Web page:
Classroom Teacher

Our Tutors’ Different Teaching Styles and Educational Philosophies

As a tutoring organisation, we often have parents asking us ‘Who is your best tutor?’ or ‘Which tutor should I book my child in with?’ and the truth is – there is no one ideal tutor or teacher for every student!

Just like every student learns differently, every teacher has a different approach to teaching. Two tutors may work in a similar way and follow basic principles of education best practice, but they will never be exactly the same. Which tutor works best with your child will really depend on what approach and personality they connect with. Some students prefer an enthusiastic tutor who is quite chatty and perhaps eccentric at times, while for other students this can be a bit overwhelming, and they instead connect best with a tutor who is quietly encouraging. The only real way to find out if your child is going to work well with a tutor is for them to have a session or two together so they can experience how the tutor works firsthand.

 

We spoke with a few of our tutors about their different teaching styles, backgrounds, and experiences so we could share their insights into education. A common thread we found across all our tutors was the importance of relationship building. Being able to engage with their students and build a strong working relationship with them was mentioned as the most important element of each of our tutor’s approach to education and learning. However, how each teacher goes about building this relationship will of course depend on their own unique attributes, values and background.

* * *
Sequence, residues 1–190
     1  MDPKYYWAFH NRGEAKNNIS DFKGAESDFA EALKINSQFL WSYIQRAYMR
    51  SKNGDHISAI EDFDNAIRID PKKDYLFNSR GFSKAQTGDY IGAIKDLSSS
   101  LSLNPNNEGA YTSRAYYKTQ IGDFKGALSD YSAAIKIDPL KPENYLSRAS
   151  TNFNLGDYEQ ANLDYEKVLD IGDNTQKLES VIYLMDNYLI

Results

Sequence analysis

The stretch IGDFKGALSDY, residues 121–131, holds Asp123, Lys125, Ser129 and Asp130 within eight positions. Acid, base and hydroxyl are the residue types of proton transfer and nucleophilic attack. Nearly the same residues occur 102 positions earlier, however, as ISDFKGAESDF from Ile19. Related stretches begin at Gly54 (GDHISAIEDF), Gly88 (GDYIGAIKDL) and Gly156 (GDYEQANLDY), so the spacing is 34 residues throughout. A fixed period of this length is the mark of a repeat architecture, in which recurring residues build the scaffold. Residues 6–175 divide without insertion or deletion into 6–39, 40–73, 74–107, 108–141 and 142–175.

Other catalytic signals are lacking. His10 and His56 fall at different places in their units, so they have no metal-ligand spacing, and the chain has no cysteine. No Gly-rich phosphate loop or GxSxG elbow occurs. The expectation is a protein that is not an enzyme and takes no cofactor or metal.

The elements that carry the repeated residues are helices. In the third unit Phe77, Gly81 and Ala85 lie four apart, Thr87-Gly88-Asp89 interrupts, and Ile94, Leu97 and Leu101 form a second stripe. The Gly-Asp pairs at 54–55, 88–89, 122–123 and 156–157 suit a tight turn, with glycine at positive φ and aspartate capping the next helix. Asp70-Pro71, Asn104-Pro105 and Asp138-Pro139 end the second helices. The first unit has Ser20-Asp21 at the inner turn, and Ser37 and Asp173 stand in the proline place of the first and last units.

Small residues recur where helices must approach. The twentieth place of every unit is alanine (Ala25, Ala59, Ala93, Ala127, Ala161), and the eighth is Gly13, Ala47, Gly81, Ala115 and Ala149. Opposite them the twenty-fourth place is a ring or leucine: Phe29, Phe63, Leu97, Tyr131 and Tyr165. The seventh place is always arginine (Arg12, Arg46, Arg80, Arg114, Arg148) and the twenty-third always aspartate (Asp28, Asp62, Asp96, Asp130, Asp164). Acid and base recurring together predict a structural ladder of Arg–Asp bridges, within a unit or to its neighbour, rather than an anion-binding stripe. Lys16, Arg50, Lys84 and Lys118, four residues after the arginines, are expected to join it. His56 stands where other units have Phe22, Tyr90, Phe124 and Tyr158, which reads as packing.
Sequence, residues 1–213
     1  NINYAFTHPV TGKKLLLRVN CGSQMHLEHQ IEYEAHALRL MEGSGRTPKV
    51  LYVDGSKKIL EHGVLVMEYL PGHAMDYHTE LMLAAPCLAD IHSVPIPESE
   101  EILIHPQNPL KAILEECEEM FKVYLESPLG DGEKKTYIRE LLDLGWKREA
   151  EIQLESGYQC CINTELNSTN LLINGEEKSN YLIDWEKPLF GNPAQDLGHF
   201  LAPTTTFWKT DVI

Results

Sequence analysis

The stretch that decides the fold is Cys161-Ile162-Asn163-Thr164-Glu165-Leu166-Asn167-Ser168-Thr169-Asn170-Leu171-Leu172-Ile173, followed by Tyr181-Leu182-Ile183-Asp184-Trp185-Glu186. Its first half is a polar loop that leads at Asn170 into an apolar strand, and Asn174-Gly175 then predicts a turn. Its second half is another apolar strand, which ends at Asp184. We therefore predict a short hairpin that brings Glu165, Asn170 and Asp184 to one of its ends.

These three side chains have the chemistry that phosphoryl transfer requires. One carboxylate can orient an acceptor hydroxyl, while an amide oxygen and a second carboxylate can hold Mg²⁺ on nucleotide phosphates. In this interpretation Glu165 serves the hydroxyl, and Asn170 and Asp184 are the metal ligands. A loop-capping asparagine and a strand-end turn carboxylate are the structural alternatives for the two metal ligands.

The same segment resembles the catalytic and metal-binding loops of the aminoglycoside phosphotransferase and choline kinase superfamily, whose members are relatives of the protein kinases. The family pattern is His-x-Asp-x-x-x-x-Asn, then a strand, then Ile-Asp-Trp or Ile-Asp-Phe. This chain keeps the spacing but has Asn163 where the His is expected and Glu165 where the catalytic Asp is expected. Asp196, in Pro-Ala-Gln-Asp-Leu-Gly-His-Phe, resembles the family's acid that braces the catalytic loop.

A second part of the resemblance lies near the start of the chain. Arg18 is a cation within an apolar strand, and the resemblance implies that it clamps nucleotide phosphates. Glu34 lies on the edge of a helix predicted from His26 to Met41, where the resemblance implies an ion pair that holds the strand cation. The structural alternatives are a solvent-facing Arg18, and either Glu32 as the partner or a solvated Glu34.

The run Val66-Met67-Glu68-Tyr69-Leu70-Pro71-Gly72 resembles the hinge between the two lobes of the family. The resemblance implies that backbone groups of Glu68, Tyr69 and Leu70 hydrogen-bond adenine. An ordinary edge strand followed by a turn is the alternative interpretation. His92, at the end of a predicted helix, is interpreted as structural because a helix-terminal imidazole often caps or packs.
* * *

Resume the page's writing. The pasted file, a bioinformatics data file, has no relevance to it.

Laura – Primary

Our tutor Laura spent four years working in the corporate sphere before she made the decision to move into teaching, as she was not finding personal fulfillment from her chosen career path. Luckily, she made the right choice and has found her passion in education! We asked Laura about what her time in the private sector taught her and how it impacted her approach to learning and she told us that the biggest impact it had was allowing her to really appreciate teaching and the value it brings to both herself and to others. It does also help her encourage students to find their passion for learning and to enjoy the journey, rather than only focusing only on a destination.

Laura had the opportunity to teach in a Singaporean International School early in her teaching career and found that this experience was quite influential on her teaching style and philosophy. Her approach to teaching centres around the importance of engaging students through hands-on activities and making learning fun, something which is very prevalent in the International School curriculum. This is a stark contrast to the mainstream schooling of Singapore, which Laura found focuses heavily on more traditional forms of learning: reading, note taking, worksheets and listening to lectures, rather than class discussion and hands-on activities. This traditional approach can work to disengage students and does not necessarily lead to a deeper understanding of what is being studied. Laura particularly loves being able to provide individualised learning 1-to-1 and in small groups, compared to working in a large class where class and behaviour management and the assessment schedule can prevent her from giving her full focus to each student.